by C.G. Lynch

Five Things Alph Bingham Has Learned About Collaboration

Jun 22, 20073 mins
Collaboration SoftwareSmall and Medium Business

Innocentive cofounder's thoughts on problem solving and collaborating online

Alph Bingham is the cofounder of Innocentive, an online marketplace that brings clients with complex research problems together with scientists and other problem-solvers.

You can’t corner the market on smarts. Baseball Hall of Fame pitcher Satchel Paige once said, “None of us is as smart as all of us.” It’s been my experience that if you want to talk to smart people, you have to reach outside your core circle and your corporation. And what better way to reach other smart people than on the Web? Its characteristics of high bandwidth (lots of information per second) and “always on” are two key features that make it the globe’s first truly useful collaboration tool.

Many heads are better than one. Two people have a greater diversity of thought processes, training and experiences than one does. And three beats two. This is something I experienced during my days as a graduate student in organic chemistry, working with others in a research group to solve a problem. The Web is simply the only way to expose a challenge in a format that lets the challenge be found, mulled and solved. Not by one, two or even dozens of minds, but by hundreds, thousands and hundreds of thousands of problem-solvers.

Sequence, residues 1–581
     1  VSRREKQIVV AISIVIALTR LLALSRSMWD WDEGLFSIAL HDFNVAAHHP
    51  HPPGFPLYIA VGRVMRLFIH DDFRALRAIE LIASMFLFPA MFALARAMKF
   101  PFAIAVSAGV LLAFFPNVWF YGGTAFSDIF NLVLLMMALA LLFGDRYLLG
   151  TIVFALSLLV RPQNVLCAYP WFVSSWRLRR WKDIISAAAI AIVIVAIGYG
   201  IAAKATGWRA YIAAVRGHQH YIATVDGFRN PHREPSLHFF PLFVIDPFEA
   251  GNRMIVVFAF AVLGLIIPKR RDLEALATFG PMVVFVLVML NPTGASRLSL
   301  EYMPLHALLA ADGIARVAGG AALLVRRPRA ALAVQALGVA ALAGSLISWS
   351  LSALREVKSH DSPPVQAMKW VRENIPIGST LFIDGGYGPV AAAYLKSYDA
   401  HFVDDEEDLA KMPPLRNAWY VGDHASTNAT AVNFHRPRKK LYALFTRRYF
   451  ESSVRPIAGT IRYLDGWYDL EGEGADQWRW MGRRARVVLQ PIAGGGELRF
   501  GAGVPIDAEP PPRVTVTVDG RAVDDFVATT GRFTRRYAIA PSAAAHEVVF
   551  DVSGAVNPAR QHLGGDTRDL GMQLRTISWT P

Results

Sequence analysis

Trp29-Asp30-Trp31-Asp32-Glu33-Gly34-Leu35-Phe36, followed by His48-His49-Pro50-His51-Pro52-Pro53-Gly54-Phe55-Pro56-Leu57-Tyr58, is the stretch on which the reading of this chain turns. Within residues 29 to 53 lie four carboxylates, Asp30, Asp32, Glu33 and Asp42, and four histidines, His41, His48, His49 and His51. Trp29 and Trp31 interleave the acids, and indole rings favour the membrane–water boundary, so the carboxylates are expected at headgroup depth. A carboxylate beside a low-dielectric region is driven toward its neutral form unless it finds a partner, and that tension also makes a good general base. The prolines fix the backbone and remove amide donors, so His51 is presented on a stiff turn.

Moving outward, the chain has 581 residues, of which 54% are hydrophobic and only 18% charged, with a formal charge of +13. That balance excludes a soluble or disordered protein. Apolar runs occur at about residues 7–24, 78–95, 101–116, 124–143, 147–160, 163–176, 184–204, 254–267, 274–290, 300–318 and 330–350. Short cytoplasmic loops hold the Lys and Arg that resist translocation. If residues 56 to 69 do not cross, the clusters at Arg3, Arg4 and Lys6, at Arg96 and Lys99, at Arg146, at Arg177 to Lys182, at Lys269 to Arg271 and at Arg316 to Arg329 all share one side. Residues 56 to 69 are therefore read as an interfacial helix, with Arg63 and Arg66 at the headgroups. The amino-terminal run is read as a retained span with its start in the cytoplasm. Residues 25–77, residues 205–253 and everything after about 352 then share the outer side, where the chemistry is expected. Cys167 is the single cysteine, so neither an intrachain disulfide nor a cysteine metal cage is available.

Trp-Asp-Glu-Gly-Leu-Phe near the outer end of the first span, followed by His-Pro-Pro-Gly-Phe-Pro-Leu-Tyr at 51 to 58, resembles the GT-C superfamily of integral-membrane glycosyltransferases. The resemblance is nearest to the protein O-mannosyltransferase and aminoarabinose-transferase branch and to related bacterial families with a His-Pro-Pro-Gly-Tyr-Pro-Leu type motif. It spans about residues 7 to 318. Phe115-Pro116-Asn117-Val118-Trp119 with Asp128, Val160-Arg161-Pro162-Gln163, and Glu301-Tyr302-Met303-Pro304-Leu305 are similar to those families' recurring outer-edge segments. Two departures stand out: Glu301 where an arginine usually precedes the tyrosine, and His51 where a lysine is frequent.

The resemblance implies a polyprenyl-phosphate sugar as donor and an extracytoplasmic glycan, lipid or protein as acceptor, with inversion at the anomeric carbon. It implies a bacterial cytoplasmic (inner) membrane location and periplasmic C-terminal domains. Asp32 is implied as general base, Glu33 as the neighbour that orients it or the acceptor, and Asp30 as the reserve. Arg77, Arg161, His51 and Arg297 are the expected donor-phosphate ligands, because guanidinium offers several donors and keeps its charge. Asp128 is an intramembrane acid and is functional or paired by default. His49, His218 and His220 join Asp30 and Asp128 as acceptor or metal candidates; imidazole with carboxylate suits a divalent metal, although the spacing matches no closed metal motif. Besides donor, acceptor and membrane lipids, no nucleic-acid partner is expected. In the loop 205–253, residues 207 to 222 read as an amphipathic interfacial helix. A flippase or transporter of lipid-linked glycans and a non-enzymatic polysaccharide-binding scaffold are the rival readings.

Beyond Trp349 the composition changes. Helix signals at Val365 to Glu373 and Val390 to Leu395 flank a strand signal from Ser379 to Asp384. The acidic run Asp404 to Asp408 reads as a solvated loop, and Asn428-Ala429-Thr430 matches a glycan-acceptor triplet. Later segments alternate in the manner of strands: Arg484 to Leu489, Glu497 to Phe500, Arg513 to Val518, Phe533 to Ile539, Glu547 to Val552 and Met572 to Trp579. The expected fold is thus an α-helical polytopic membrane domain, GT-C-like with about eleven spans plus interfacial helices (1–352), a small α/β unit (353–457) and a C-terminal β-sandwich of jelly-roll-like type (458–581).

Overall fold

Diversity of thought matters. Many of us have a tendency to seek answers to our challenges by confining our search to established expert resources, whether in business or academia. The result is that everyone seeks and receives the same “solutions” from the same sources. Paradoxically, qualifications can act as constraints to creativity. On the Web, novel answers frequently come from the fringes where there aren’t accepted views on how to do things.

Openness on the Web is risky but necessary. Effectively enabling others to solve a problem often requires some disclosure. And disclosed information can be employed by competitors. But at the same time, companies that develop cultures based on secrecy may ultimately hamper the all-important ability to collect new ideas outside of their environments. New tools in IT for exchanging and gathering information often seem riskier because they aren’t familiar. While many of us may panic at the thought of sharing a credit card number online, we usually think nothing of giving that card to a perfect stranger and allowing them to disappear to some other part of the restaurant for several minutes at a time.

Open collaboration is here to stay. New companies are being founded on the basis of sharing knowledge and power. These models often use Internet exchange as a global platform to attract and engage critical talent in a more efficient and timely manner irrespective of distance, time and even language. I believe online collaboration is becoming a business-critical practice for research and development. Move to open global collaboration or face the possibility of extinction.